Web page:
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The Aussie dollar is dropping against the US currency, but it’s not all bad news

Paul O’Brien’s costs are rising and it’s not just supply chain issues, shipping delays and increasing inflation that we’re all becoming accustomed to that is the cause.

The US dollar is soaring, which means most currencies, including ours, are falling against it.

Mr O’Brien’s now paying a lot more for a transaction that cost him $100,000 in April.

“In the last three months, we’ve seen changes of around about $12,000 to $13,000 difference between transactions,” Mr O’Brien told ABC’s The Business.

His company, AirPhysio, makes a device that helps people with conditions like asthma, bronchiectasis and cystic fibrosis, to clear mucus in their lungs and improve their breathing.

In the midst of a pandemic caused by the respiratory disease COVID-19, business has been booming.

“We had massive growth over the last two years, of around 2,300 per cent in 12 months, and about 5,000 per cent over the last two years,” he said.

The vast majority of the parts in the handheld device are made in Australia, except small, medical-grade ball bearings that Mr O’Brien imports from China.

That trade is done in US dollars, so it’s now costing him a lot more to buy them.

A man in a blue shirt holds out a handful of silver ball bearings close to the camera
Importing these Chinese ball bearings is costing Paul O’Brien much more now the USD is so much higher against the AUD.(ABC News: John Gunn)

“The difference [in the USD/AUD exchange rate] went from around about 74, 75 cents in the dollar, down to a couple of days ago, we [saw] about 63, 64 cents.

“You’re talking about $20,000 to $23,000 difference in a payment that might happen each week or every month.”

“It’s been a case of all systems go for the US dollar,” said Westpac’s head of a foreign exchange strategy, Richard Franulovich.

“The US dollar has been strong across the board this year and the Aussie dollar has not been immune, it’s down about 11 per cent.”

The Freight and Trade Alliance warns the high US dollar could have ramifications for local consumers too.

“When the Aussie dollar falls against the US dollar, imports become significantly more expensive for importers and, by extension, businesses and consumers,” Sal Milici from the Alliance told The Business.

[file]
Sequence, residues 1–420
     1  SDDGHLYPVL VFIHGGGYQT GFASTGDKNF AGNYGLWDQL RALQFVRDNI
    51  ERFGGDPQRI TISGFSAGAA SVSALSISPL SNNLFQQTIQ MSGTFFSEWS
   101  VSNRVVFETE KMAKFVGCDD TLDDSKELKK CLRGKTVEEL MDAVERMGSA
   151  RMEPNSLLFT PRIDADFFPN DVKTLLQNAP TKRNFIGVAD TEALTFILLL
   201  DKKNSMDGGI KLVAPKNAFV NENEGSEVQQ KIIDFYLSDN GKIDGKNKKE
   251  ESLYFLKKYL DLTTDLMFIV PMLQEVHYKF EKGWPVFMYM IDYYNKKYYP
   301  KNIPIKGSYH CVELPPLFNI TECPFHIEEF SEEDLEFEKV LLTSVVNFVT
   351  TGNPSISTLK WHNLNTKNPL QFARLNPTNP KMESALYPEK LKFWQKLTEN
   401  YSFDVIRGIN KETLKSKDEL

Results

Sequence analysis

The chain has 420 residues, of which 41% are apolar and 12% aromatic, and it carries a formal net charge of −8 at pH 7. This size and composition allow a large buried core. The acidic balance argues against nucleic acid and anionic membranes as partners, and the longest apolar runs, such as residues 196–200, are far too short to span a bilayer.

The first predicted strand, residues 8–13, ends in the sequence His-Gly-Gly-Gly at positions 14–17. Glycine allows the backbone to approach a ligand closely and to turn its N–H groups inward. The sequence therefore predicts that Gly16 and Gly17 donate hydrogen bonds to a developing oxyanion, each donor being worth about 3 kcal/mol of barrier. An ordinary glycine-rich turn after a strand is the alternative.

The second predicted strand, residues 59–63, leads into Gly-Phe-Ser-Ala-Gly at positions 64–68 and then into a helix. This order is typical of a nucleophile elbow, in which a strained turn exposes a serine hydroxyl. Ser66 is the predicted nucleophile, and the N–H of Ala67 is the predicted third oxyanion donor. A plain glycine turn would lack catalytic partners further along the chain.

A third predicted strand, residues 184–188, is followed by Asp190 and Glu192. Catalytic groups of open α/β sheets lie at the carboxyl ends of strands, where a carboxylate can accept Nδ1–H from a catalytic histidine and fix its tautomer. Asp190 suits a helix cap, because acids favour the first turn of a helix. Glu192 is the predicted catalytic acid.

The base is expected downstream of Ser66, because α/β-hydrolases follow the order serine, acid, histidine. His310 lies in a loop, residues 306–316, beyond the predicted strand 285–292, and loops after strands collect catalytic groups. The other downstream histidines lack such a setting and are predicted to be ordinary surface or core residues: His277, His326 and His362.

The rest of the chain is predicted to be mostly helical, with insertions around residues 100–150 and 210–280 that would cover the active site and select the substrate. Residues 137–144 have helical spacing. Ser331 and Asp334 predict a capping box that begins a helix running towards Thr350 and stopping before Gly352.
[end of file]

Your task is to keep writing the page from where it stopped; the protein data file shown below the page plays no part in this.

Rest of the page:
“Our members in the importing community have had a really rough three years — they’ve had COVID-related supply chain crises, that flows into sky high shipping rates, and also our biosecurity agency is quite chronically challenged.

“And now, while there’s a little bit of a respite on the freight front, that’s sort have been evaporated by this fall in the currency.”

A man in a grey suit with grey hair and beard and glasses standing in front of a shipping port.
Sal Milici says regardless of their country of origin, most of Australia’s trade is done in USD, so imports are significantly more expensive.(ABC News: John Gunn)

Aussie dollar is higher against other currencies

Some of our other trading partners are having a much rougher time of it than Australia. They are seeing their currencies fall while ours is stronger against them.

“Other currencies have fared a lot worse [than Australia]. The Yen is down more than 20 per cent. The pound is down about 17 per cent,” Mr Franulovich said.

Commodity prices for our biggest exports — such as iron ore, coal and gas — are still elevated, and that’s what’s giving our currency strength in the global market.

The UK is on the buying end of those higher commodity prices, with Europe in the grips of an energy crisis.

Already struggling in poor economic conditions, the British pound went into freefall last week after the UK government announced tax cuts for higher earners that were to be funded by borrowings.

That extra stimulus in the economy would have counteracted the Bank of England’s measures to try to slow the rate of inflation.

“Markets there were questioning the fiscal credibility of the UK authorities and that sent the pound reeling and interest rates soaring there last week,” Mr Franulovich explained.

“Now the Bank of England has intervened and provided a bit of a backstop. [It has] agreed to buy UK gilts [bonds] in whatever amounts necessary to stabilise the UK bond market and the interest rate markets there.”

This week, Prime Minister Liz Truss has also backtracked on the tax cuts.

It wasn’t the best timing for Australian business Locako to launch into the UK.

The Sydney-based business makes high-protein snacks and drink powders.

“We’ve been waiting to launch into the UK for a really long time now,” founder and chief executive officer Ally Mellor said, after returning from the UK on Friday.

A woman with long blakc hair wearing a black jacket sits with her cat in her lap.
Ally Mellor says the exchange rate with the pound hurt her launch into the UK last week.(ABC News: John…

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